RBI bans M&M from outsourcing recovery agents
Use of recovery agents in the financial services business is nothing new. Most of the banks and NBFCs employ professional collection agents to collect dues on credit cards, personal loans, car loans etc. However, once in a while, the situation does get ugly and attracts a lot of attention and confers a lot of negative publicity. The recent case of a young pregnant lady being killed by the callousness of one of the recovery agents of M&M Financial Services has forced the RBI to act quite strongly. Here is what the RBI has done.
On Thursday, 22nd September, the Reserve Bank of India (RBI) instructed M&M Financial Services not to undertake any loan recovery or repossession activity through outsourcing agents or outsourcing arrangements, pending further orders from the RBI. However, RBI has allowed M&M Financial Services to go ahead and carry out recovery or repossession activities, through its own employees. But before going ahead into this order, let us understand what was the genesis of this entire issue. It started in Hazaribagh in Bihar and became a big issue.
It began with a rather shocking reported by the Press Trust of India (PTI) on 16th September stating that a 27-year old pregnant woman had been allegedly crushed to death under the wheels of a tractor. What was more shocking was that this incident happened when the recovery agent was forcibly driving away the tractor which had been financed by M&M Financial Services and the borrower had been unable to service the loan. This had led to the agents forcibly taking repossession of the tractor, but the magnitude of the tragedy brough the entire case into focus. It happened in Hazaribagh in the state of Bihar.
Over the next few days, a number of details had emerged. The loan was indeed financed by M&M Financial Services. The tractor had been passed in the name of the lady’s father, who was differently abled. There are several issues that have arisen here. First, it pertains to the violation of norms on recruitment of loan recovery agents. Secondly, it applies to the tactics used. Using strong arm tactics is a common occurrence in many such cases and this is not the first time that loan recovery agents have led to tragic consequences.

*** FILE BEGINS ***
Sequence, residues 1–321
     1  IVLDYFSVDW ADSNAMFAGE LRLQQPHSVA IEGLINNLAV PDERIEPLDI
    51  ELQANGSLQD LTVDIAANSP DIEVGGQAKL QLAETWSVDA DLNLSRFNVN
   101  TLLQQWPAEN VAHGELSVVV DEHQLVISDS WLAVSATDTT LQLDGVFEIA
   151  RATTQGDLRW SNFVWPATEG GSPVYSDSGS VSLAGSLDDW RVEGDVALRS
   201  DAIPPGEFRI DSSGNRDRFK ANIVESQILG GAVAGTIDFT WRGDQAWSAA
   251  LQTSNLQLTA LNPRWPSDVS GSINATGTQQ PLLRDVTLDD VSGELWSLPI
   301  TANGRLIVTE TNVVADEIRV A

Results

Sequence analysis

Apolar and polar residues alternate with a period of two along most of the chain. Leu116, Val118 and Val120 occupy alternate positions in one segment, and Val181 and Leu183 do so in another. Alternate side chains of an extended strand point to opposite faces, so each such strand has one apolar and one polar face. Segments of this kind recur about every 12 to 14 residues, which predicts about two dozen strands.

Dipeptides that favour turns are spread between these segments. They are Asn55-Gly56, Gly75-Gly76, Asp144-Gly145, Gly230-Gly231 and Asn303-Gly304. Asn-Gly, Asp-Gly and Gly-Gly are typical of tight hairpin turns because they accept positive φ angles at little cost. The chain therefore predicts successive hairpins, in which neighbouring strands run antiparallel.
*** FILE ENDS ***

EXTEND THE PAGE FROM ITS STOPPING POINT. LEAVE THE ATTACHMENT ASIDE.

In response, Anand Mahindra had personally tweeted his apologies for the incident and even promised that a detailed enquiry into the incident would be immediately instituted. Now M&M Financial Services is undertaking a comprehensive review of appointment of third-party agents for recovery purposes. This is likely to put most of the NBFCs in a tight spot, since most of the NBFCs heavily rely on recovery agents for the job. They are already under pressure after the RBI’s November 12th circular on standardisation of assets.
The November 12th circular of the RBI is quite stringent in the compliances that NBFCs have to go through. For instance, under the circular, NBFCs must mandatorily stamp non-performing assets (NPAs) daily. In addition, as per the RBI circular, an NPA account cannot be upgraded to a standard asset category, till all dues (including compounded rate of interest on the loans) are paid upfront. This may be quite impractical at times, and has forced the NBFCs to increasingly resort to collection agents.
Most of the NBFCs and banks have traditionally relied on external collecting agents since it is very difficult to justify high-handed collection tactics if the person is their own employee. However, in the case of collection agents, the NBFCs and banks have, in the past, managed to wash their hands off any responsibility. This RBI circular puts the onus of taking responsibility for collection agents on the NBFC. That should be an interesting shift.
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